Equipment Library

The Seattle Astronomical Society maintains a library of small and medium size telescopes that may be checked out for a period of 1 month by members in good standing. If you are new to astronomy, this is an excellent way to learn how to use a telescope and to begin viewing the wonders of the night sky, without having to invest immediately in a telescope of your own. To check out a telescope, please check out our equipment available for loan.

If you have any questions about borrowing equipment, or do not see a specific piece of equipment please reach out to our Equipment Manager.

See the complete equipment list in alphabetical order.


You can narrow your search of our equipment library by selecting any one of the below keywords.

Astrophotography Basic Binoculars Camera Dobsonian Go To Maksutov Newtonian Push To Refractor Schmidt Cassegrain

All our equipment is currently on loan to other members.

Available Eventually

The following list of equipment is currently loaned out to a member, and may include other members waiting to also borrow.

Explore Scientific AR102mm Refractor

Currently there are 4 requests to borrow this.



The Explore Scientific AR102 telescope is out for maintenance.. Until it is returned, an Orion 80mm ED refractor has been substituted. An ED refractor uses modern "Extra-Low Dispersion" glass to provide a sharper image than is possible with a short tube acromat using traditional flint and crown glass elements. The Orion 80ED  is a general purpose telescope that will give sharp images of the moon and planets as well as the brighter star clusters and galaxies. The 80mm aperture lens gathers less light than a 100mm aperature telescope but ED glass improves the image contrast. This 80ED telescope includes a  good quality single speed focuser, a one-piece 2" diagonal with 99% dielectric coatings, a 6x30 correct image right angle finderscope with quick release bracket, and a cradle ring assembly with a Vixen-style dovetail mount. The smaller 80mm ED telescope is a good match for the Twilight I Alt-Azimuth mount, which is designed to quickly and easily accept small to medium sized refractors.  Slow-motion control cables are attached on the vertical and horizontal axes, and are easy to turn during the night.


The Explore Scientific AR102 telescope is a classic doublet achromatic f/6.5 refractor designed to provide low  magnification, wide field views of the sky. This telescope includes a 2" dual-speed Crayford-style focuser, a one-piece 2" diagonal with 99% dielectric coatings, an 8 X 50 non-illuminated straight -thru finderscope and quick release bracket, and a cradle ring assembly with Vixen-style dovetail mount.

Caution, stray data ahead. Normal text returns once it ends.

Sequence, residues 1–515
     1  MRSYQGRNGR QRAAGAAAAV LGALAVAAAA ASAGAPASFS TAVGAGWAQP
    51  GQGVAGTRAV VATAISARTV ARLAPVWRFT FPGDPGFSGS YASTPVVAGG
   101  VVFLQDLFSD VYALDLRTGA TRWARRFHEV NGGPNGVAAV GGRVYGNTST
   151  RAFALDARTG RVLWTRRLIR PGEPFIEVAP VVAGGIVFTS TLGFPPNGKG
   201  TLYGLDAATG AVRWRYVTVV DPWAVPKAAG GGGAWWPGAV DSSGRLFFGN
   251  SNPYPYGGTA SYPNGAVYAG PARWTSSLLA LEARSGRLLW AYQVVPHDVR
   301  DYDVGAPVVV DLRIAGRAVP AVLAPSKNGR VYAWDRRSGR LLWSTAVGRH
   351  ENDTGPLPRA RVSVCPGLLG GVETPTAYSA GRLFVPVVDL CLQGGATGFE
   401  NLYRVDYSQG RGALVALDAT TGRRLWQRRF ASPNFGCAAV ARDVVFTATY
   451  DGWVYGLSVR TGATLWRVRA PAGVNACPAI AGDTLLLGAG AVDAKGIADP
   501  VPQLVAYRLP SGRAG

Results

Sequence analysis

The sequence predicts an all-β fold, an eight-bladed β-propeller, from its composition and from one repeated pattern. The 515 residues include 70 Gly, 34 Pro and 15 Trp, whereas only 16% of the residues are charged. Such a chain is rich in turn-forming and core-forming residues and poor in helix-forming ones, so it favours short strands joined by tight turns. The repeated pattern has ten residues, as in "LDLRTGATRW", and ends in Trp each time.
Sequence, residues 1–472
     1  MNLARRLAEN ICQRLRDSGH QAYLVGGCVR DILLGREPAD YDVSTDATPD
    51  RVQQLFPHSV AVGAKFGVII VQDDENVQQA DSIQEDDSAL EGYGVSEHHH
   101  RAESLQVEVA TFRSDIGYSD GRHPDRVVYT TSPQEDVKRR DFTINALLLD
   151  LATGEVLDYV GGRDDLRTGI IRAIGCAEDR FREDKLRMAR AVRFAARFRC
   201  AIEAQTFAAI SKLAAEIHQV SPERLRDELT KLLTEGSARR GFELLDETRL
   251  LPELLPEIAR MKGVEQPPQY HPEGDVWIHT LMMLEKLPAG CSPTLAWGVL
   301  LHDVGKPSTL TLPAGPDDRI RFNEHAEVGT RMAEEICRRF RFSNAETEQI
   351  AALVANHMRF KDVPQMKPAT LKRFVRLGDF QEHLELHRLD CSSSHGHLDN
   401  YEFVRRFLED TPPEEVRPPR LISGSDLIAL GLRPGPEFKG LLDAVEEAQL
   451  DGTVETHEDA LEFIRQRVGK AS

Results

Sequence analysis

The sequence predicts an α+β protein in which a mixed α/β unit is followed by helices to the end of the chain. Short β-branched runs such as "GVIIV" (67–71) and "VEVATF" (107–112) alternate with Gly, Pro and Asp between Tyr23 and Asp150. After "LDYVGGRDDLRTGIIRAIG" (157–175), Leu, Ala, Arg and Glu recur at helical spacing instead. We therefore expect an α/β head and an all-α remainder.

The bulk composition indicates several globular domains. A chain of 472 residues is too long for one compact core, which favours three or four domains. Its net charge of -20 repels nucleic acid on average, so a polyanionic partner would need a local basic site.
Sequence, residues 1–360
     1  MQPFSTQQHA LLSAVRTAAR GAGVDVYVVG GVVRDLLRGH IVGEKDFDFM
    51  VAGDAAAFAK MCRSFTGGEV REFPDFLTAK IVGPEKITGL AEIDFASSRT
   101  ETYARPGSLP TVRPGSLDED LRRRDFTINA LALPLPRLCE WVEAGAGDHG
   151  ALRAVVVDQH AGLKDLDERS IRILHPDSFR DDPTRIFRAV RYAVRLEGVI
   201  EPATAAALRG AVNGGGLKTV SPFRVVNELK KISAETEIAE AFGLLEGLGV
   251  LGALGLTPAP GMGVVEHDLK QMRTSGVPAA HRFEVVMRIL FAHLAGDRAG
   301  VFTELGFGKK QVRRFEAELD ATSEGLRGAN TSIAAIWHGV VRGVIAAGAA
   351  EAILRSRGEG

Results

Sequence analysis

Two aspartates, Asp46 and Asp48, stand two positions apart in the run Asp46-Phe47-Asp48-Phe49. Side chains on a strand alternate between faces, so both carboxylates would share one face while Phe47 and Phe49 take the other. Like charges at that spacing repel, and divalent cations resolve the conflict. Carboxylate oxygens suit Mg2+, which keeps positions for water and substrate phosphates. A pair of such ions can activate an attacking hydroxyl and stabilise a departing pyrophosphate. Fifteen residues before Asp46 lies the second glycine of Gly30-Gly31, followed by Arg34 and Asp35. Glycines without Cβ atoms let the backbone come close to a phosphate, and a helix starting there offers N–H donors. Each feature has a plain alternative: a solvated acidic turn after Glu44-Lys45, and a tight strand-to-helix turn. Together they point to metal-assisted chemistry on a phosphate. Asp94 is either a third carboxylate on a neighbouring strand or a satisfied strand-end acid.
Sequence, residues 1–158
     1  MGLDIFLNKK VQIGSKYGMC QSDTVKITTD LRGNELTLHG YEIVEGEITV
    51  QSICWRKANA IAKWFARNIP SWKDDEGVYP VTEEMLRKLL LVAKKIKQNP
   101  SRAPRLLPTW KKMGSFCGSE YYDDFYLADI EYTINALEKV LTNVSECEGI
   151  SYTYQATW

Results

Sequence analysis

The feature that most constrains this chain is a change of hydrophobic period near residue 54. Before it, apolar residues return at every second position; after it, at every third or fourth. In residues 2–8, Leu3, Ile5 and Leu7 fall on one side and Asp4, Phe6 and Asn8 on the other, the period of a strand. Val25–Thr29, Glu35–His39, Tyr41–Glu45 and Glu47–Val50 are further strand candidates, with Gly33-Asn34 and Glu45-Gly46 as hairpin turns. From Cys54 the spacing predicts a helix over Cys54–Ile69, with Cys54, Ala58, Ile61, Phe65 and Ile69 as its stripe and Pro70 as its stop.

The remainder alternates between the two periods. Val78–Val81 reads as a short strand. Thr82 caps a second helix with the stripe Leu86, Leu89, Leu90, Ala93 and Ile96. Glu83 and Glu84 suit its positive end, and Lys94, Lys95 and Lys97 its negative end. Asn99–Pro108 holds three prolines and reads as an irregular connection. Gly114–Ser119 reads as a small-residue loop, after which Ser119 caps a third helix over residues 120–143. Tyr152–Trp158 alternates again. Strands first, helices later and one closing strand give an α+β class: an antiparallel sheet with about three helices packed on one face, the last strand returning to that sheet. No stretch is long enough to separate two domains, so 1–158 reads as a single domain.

Currently Unavailable

The following list of equipment is not available to members until we are able to replace or repair parts.

Advanced Astrophotography Kit-ZWO Pro CCD

Note  This item is being serviced and it is not available for check out.


Temporarily unavailable for new requests due to long waitlist.

Note: This package requires the user to provide a laptop computer, install the necessary drivers, and polar align an equatorial mount.

This astrophotography kit is designed for imaging deep sky objects by capable amateur astronomers. It  includes a Meade Series 6000 APO ED APO (apochromatic) 80mm refractor, a Celestron Advanced VX telescope mount, a ZWO ASI294MC Pro cooled camera with a reducer/flattener, and all the necessary cables and power supply. The borrower should understand how to align and use an equatorial mount and must supply a laptop computer to operate the camera. The short effective focal length of the system allows unguided exposures of a few minutes, which can then be stacked during post processing 

The Meade Series 6000 80mm APO triplet refractor uses extra-low dispersion optical glass to provide excellent color correction, contrast, and sharpness.

Telescope Types

Types of telescopes

Copyright NIAAS, North Ireland Amatuer Astronomical Society

What are those numbers?

Types of telescopes

Copyright 2008-2012

The f-ratio is the focal length divided by the diameter of the telescope. Magnification is the focal length of the telescope divided by the focal length of the eyepiece.


To find the f-ratio of a telescope 10 " in diameter with a 45" focal length:

Divide 45 " F.L. by10" D. to get an f-ratio of 4.5.

Compute Magnification

First, convert focal length to mm: 45" = 1146 mm, then:

1146 mm focal length divided by 35 mm eyepiece equals 33 magnification.

More Information

If you are interested in learning more about telescopes, we recommend: